William Gibson’s seminal sci-fi novel Neuromancer opens with an unforgettably bleak line: “The sky above the port was the color of television, tuned to a dead channel.” The dystopic 1984 novel is set in Chiba City, Japan, but it may as well have been set in Rome in 2018. In a photo of the city posted to Reddit on Thursday, the sky appeared to be obscured with the densest TV static.

At the horizon line of the viral image, you can just make out the remains of a sunset, in pale blue and orange, struggling to push through the monochrome fuzz. It’s no use. The irrepressible mass of black specks, barely any light shining between them, aggressively subdues the sun into its pathetic corner.

Dystopic though this year has seemed, this is not an image of Rome succumbing to the singularity. Rather, it’s actually an image that has repeated itself in various iterations for centuries. It’s not static that’s filling the sky; it’s thousands and thousands of starlings.

Starlings Rome
Thousands of starlings flood the sky over Rome in this viral Reddit image posted Thursday.

Starlings, a type of small, annoying (hey, even Audubon says so) songbird, return in huge numbers to Rome each autumn, seeking warmth and refuge from frigid Eastern Europe and Scandinavia. By some estimates, up to 4 million birds descend on Rome each year, drawn to the city’s relative warmth compared to neighboring regions. Four million birds is a lot of birds — certainly enough to obscure the sunlight in a small patch of sky.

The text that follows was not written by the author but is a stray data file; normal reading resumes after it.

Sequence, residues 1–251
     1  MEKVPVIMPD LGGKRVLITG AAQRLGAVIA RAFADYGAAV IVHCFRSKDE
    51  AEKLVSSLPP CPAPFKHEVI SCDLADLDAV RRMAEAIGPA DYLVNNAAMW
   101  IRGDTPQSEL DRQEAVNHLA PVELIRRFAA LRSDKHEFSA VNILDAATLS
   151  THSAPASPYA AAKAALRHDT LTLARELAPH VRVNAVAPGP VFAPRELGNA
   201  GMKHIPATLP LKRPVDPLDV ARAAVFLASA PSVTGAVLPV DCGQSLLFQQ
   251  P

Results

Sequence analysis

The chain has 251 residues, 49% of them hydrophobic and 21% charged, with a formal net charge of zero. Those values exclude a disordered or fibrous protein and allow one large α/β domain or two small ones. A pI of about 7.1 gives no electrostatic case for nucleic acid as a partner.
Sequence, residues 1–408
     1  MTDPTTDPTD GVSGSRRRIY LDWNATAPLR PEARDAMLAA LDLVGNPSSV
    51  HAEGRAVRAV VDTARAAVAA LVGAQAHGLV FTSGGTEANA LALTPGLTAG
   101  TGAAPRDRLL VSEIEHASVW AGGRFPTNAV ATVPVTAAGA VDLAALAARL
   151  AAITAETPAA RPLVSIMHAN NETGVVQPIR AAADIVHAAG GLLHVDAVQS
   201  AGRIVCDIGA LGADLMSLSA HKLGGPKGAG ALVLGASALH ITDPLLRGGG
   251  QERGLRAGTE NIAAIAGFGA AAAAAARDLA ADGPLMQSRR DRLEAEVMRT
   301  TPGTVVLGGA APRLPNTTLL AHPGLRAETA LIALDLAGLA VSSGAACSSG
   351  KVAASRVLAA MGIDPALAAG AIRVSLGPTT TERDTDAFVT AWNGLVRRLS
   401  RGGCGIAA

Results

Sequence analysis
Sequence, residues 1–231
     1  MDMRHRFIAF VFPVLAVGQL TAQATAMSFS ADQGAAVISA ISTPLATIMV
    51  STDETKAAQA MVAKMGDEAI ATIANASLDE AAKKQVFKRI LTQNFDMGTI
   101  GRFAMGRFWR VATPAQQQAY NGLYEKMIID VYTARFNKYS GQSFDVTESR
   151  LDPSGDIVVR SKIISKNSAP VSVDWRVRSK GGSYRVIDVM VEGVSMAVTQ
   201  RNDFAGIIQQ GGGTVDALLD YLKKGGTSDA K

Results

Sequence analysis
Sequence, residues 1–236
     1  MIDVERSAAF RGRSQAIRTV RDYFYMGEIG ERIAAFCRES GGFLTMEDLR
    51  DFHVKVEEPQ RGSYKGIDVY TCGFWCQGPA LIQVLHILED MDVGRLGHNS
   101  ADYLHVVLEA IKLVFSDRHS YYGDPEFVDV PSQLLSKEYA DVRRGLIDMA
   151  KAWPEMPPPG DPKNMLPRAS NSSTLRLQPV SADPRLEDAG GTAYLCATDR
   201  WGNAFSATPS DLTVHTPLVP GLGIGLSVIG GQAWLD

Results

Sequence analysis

That starlings turn the ancient city into a sci-fi movie set is the least of the Roman population’s concerns about the tiny birds. The biggest issue is that they poop everywhere, covering streets, buildings, Vespas, and trees with thick layers of foul guano. Since the starlings feast in the copious olive groves outside of Rome, their poop is also especially oily.

PLEASE, no multi invitations, glitters or self promotion in your comments, THEY WILL BE DELETED. My photos are FREE for anyone to use, just give me credit and it would be nice if you let me know, thanks - NONE OF MY PICTURES ARE HDR. This bird (a starling) was just walking around at the site, not sure if it was injured of not. ----------------------------------------------------------------------------------------------------------------- The city of El Djem was built, like almost all Roman settlements in Tunisia, on former Punic settlements. In a less arid climate than today's, Roman Thysdrus, now El Djem, it prospered especially in the 2nd century AD. The amphitheater was built here in the early 3rd century AD. This amphitheater could hold up to 35,000 people making it the third largest in the Roman Empire after the Colosseum in Rome and that at Capua (in ruins). Its 427m (1400ft) outside circumference is 100m (328ft) shorter than the Colosseum.
Starlings prove there is strength in numbers.

In recent years, Romans have struggled to find a way to control the swarming birds, since the peregrine falcons, their natural predators, have not succeeded in shepherding them. Many residents have had to resort to pruning the trees on which the birds nest and blasting the cries of predatory birds on loudspeakers to frighten the starlings away. Some have tried using trained falcons to drive them away (not eat them, their owners assured the press). Others scare them in a charmingly old-fashioned way: by banging on pots and pans.

So, while this phenomenon appears to be a horror scene from the tech-inundated future, it’s actually a remnant of an age-old natural force, serving as a reminder that nothing humans devise can ever be more terrifying than what nature has already wrought.